The concern in Texas is that while some teeth floaters do work under supervision of veterinarians, others do not.
Horse owners need to be able to have some accountability if something happens to their horse while under the care of a teeth
floater, Helmcamp contends.
"We currently, by rule, allow chiropractors operating under the indirect supervision of a veterinarian to perform (treatments)
on animals," he says. "Part of the safeguard is that there is supervision. And chiropractors are licensed by a different board.
With an unlicensed person, there is no board to provide that protection to the public," he says.
"Some people think they should be able to give animals injections ... or perform their own spays and neuters. It's a complicated
subject, and the only answer I can give you is you have to look at what the person wants to do to the animal" and look at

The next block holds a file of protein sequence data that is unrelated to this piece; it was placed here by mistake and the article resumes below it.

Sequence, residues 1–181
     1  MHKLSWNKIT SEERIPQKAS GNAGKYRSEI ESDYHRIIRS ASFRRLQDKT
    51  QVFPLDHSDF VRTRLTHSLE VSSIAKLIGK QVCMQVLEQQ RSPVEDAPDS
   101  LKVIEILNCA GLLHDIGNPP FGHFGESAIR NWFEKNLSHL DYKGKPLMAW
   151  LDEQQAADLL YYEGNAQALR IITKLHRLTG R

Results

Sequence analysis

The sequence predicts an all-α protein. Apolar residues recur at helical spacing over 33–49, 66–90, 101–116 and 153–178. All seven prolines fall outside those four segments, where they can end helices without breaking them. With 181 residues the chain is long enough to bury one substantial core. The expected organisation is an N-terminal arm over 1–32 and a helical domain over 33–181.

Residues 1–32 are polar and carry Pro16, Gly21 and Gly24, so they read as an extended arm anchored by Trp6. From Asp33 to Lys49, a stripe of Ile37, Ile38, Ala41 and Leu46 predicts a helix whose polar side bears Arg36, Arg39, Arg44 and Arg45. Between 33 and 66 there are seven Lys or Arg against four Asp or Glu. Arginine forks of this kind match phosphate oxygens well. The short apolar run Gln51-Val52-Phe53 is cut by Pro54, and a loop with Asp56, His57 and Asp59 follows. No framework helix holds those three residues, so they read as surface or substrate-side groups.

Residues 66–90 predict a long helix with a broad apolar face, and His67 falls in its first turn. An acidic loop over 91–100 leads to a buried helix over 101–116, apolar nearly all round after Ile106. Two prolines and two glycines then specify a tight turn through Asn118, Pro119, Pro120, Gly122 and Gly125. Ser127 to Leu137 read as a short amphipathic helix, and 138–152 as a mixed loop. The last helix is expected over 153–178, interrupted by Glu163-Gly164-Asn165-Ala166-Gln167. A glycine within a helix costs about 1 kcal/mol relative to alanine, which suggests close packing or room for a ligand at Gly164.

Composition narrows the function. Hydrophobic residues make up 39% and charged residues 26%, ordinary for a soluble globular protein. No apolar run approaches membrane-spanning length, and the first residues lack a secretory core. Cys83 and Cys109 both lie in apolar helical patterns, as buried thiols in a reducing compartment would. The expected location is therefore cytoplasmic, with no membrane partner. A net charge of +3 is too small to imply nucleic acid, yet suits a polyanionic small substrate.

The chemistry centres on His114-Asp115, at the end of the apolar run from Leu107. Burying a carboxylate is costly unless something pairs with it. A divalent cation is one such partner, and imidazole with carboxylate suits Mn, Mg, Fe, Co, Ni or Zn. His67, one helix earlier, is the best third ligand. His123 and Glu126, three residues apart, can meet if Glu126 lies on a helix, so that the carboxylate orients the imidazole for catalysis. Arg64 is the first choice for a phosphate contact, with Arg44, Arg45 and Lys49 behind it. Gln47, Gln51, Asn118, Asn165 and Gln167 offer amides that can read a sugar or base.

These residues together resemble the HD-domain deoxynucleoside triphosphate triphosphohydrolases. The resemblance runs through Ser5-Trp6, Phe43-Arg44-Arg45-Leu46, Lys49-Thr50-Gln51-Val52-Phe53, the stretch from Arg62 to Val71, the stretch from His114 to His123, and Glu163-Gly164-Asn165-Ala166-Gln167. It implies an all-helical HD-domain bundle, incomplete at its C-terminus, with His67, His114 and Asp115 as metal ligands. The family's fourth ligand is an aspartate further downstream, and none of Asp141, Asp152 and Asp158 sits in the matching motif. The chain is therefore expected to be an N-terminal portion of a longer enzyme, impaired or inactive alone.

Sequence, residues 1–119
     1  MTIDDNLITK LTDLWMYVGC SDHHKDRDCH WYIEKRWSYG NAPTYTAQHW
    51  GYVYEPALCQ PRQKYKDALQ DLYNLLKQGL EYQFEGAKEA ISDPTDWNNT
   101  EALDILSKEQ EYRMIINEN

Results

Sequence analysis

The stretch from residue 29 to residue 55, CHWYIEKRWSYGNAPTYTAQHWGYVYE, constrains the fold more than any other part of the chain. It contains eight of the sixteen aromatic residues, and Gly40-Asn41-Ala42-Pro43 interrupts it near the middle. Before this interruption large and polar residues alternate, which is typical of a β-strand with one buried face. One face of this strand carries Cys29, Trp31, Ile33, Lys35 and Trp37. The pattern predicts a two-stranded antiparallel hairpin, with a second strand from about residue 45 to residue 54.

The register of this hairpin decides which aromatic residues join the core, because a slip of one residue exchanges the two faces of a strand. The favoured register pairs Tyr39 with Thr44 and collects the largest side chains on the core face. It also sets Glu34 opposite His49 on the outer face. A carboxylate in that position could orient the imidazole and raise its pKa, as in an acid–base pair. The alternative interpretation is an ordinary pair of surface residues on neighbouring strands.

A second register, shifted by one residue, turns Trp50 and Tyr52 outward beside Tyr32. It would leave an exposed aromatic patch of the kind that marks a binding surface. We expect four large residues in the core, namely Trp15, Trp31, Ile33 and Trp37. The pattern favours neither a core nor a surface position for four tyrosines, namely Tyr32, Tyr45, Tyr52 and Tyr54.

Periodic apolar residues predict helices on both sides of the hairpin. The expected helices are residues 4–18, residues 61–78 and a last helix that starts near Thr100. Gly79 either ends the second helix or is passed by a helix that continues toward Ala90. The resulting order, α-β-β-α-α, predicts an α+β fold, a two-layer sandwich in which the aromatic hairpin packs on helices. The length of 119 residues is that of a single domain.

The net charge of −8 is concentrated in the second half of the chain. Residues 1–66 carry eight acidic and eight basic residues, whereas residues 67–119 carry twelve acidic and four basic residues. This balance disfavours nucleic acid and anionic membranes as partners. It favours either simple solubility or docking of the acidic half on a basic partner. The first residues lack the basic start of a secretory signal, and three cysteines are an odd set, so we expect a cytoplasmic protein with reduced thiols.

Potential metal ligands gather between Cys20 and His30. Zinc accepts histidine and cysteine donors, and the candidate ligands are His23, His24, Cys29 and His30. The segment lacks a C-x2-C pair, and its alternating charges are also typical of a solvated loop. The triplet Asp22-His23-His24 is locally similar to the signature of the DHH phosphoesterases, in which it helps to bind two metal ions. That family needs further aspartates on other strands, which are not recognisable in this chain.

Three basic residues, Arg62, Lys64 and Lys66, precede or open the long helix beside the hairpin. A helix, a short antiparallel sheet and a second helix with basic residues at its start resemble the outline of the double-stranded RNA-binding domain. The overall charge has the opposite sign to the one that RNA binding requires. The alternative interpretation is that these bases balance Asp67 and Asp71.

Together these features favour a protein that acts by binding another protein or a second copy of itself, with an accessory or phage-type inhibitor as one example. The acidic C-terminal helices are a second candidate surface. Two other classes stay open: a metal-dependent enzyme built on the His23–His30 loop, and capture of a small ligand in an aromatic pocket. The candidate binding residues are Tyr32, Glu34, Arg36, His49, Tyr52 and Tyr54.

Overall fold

what the rules permit unlicensed persons to do, Helmcamp says.
The court's ruling and the proposed action by the veterinary board does not end the battle in Texas, Helmcamp says.
"It remains to be seen how this will ultimately play out. I think there's a place in veterinary medicine for persons who are
not licensed veterinarians, but I think that place needs to be in harmony and conjunction with the veterinarian."
The Institute for Justice may file another lawsuit to overturn the board's new rule if it is adopted at the March meeting,
and the legislature will likely take note of the issue this year.
"We'll just have to wait and see what might happen," Helmcamp says. "In meantime, the Texas legislature convenes a new session
this month, and there might be various bills introduced on both sides."
The Texas Veterinary Medical Association aims to back a bill to limit the practice of equine dentistry to qualified veterinarians
or those under the direct supervision of a veterinarian. But no bills have been introduced or pre-filed at press time.